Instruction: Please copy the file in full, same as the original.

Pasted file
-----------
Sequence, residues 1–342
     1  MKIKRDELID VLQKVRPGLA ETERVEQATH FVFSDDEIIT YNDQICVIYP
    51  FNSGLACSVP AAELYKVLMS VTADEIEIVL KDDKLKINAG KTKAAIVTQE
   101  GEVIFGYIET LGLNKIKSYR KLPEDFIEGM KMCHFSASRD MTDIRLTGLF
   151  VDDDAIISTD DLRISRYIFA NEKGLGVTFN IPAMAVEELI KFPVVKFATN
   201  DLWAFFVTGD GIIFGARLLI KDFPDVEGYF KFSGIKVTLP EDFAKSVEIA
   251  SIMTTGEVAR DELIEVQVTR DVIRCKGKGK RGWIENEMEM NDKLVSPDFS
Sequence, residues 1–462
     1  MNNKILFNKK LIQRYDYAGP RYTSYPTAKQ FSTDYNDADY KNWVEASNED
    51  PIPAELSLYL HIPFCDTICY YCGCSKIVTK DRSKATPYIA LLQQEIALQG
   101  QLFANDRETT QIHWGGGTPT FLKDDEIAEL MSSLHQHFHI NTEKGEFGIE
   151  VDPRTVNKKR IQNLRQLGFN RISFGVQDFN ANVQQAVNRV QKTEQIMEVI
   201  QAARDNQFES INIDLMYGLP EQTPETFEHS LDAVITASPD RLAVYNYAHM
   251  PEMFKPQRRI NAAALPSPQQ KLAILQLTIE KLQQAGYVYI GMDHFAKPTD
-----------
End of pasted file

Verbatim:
Sequence, residues 1–342
     1  MKIKRDELID VLQKVRPGLA ETERVEQATH FVFSDDEIIT YNDQICVIYP
    51  FNSGLACSVP AAELYKVLMS VTADEIEIVL KDDKLKINAG KTKAAIVTQE
   101  GEVIFGYIET LGLNKIKSYR KLPEDFIEGM KMCHFSASRD MTDIRLTGLF
   151  VDDDAIISTD DLRISRYIFA NEKGLGVTFN IPAMAVEELI KFPVVKFATN
   201  DLWAFFVTGD GIIFGARLLI KDFPDVEGYF KFSGIKVTLP EDFAKSVEIA
   251  SIMTTGEVAR DELIEVQVTR DVIRCKGKGK RGWIENEMEM NDKLVSPDFS
Sequence, residues 1–462
     1  MNNKILFNKK LIQRYDYAGP RYTSYPTAKQ FSTDYNDADY KNWVEASNED
    51  PIPAELSLYL HIPFCDTICY YCGCSKIVTK DRSKATPYIA LLQQEIALQG
   101  QLFANDRETT QIHWGGGTPT FLKDDEIAEL MSSLHQHFHI NTEKGEFGIE
   151  VDPRTVNKKR IQNLRQLGFN RISFGVQDFN ANVQQAVNRV QKTEQIMEVI
   201  QAARDNQFES INIDLMYGLP EQTPETFEHS LDAVITASPD RLAVYNYAHM
   251  PEMFKPQRRI NAAALPSPQQ KLAILQLTIE KLQQAGYVYI GMDHFAKPTD